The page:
Chile Commemorates 50th Anniversary of Coup d’Etat Amid Political Tensions

The government of President Gabriel Boric headed the events to commemorate the overthrow of Salvador Allende on September 11, 1973, but was not able to unite all of the country’s political spectrum

A monument in honor of the death former Chile President Salvador Allende during a ceremony on the 50th anniversary of Chile's coup d'etat, at La Moneda Palace in Santiago, Chile, on Monday, Sept. 11, 2023. Monday marks the 50th anniversary of the US-backed coup that ousted democratically elected Marxist President Salvador Allende and installed General Augusto Pinochet’s 17 year military dictatorship. Photographer: Tamara Merino/Bloomberg
September 11, 2023 | 08:40 PM

Read this story in


Santiago — Half a century has passed since La Moneda Palace, in the heart of Santiago, was bombarded by the military and left-wing President Salvador Allende was overthrown. September 11, 1973 is still remembered as a dark episode in Chilean history, as it was the beginning of a dictatorship - headed by Augusto Pinochet - that lasted almost 17 years and left thousands of victims.

Chile’s Falabella Struggles to Keep Up With MercadoLibre, Amazon

Today, 50 years after that day, there is a climate of tension and political division in Chile.

“The atmosphere is electric, it is charged”, said President Gabriel Boric at the end of August, in a context of disagreements with opponents about the events to be held for the new anniversary of the coup d’état.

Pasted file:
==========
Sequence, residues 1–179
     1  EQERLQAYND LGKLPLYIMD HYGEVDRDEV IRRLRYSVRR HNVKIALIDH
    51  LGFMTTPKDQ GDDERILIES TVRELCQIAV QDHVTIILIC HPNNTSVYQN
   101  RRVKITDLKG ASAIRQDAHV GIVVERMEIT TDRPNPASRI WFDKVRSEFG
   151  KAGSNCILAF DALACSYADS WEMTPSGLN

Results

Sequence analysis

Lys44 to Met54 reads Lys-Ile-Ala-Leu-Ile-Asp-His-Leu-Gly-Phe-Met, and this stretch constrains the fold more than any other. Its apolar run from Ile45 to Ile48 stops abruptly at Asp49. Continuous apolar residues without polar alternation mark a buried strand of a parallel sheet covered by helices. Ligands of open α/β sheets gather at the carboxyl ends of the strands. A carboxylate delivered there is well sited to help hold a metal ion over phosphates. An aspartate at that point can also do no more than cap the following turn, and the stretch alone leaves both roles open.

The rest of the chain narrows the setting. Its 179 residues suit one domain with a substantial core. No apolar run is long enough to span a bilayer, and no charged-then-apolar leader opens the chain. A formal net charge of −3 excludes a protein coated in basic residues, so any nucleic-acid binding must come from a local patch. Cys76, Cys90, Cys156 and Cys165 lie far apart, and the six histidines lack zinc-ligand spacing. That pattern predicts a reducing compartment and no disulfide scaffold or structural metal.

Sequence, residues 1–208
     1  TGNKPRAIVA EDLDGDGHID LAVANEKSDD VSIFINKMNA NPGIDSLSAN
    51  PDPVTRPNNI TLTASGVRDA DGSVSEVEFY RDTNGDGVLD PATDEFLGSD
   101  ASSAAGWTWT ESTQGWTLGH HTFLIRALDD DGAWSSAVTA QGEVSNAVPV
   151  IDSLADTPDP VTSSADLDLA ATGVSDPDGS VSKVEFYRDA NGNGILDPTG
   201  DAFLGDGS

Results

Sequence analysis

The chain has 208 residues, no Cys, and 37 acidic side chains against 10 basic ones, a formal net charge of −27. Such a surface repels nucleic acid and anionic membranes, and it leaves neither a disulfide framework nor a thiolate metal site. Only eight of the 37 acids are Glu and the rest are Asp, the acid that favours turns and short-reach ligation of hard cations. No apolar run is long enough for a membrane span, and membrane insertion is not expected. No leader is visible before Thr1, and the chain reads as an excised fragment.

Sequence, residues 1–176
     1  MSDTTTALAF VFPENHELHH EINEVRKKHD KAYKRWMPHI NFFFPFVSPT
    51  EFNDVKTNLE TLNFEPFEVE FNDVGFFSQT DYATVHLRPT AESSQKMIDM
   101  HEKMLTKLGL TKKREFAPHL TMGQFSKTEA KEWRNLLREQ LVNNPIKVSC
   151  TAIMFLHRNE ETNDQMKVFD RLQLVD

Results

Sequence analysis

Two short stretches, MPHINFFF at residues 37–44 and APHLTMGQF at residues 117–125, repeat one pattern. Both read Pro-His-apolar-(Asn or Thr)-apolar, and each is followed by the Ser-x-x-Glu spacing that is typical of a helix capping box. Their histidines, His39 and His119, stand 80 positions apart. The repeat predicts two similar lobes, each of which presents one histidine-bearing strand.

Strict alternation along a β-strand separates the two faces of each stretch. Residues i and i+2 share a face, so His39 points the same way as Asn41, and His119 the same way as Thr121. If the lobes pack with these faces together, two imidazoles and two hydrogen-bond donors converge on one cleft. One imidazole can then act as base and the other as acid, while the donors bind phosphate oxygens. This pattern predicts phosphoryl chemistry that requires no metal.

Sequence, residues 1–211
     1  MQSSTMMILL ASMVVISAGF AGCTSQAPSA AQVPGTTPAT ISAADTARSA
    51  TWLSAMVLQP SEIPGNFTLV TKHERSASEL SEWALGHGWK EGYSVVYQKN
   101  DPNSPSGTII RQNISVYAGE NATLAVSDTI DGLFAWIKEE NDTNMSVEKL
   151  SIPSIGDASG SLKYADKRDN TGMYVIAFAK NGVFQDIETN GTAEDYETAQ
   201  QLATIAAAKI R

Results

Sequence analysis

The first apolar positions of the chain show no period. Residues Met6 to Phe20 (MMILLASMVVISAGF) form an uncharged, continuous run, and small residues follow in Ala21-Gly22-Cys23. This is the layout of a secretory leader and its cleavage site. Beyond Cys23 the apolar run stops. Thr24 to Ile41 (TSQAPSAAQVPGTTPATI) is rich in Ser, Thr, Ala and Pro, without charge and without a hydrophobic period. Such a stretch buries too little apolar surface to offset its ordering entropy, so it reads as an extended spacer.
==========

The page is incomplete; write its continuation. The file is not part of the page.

The president wanted to bring together all sectors of Chilean politics to commemorate the date. But he was slammed by the right-wing parties who disagreed with “imposing single truths” about what happened that day, and opted to write a letter with seven commitments entitled “50 years since the breakdown of democracy”, which includes among its points the respect for the rule of law and human rights.


Boric: “The coup is inseparable from what came after”

On the eve of the 50th anniversary, the presidential palace was already receiving the first signs of the commemoration. On Sunday night thousands of demonstrators, dressed in black, with candles, in silence and with signs saying “never again”, walked along the Alameda to the surroundings of La Moneda.

Today, at the event in the Plaza de la Constitución in Santiago, Boric said that “the coup d’état is not separable from what came afterwards (the dictatorship)” because since September 11, 1973 “the human rights of Chilean men and women were violated”. According to the Valech report, the dictatorship left almost 40,000 victims of political imprisonment and torture.

Also, hundreds of thousands of Chileans had to go into exile in other countries during the Pinochet regime. “Recognize the international solidarity that extended from the first hours of the coup,” said Boric.


Monday’s events were attended by the presidents of Mexico, Andres Lopez Obrador; Colombia, Gustavo Petro; and Bolivia, Luis Arce; Uruguay, Luis Lacalle Pou; and the prime minister of Portugal, António Costa. The President of the German Federal Council, Peter Tschentscher, was also present. Other international leaders who could not travel to Chile chose to send special messages.

Also present were human rights organizations, activists, diplomatic figures, former presidents, politicians, international activists, artists, among other personalities.

Among those present were former presidents Pepe Mujica (Uruguay), Laura Chinchilla (Costa Rica), Juan Manuel Santos and Ernesto Samper (Colombia), Felipe González (Spain), Tarja Halone (Finland), Juan Manuel Santos and Ernesto Samper (Colombia).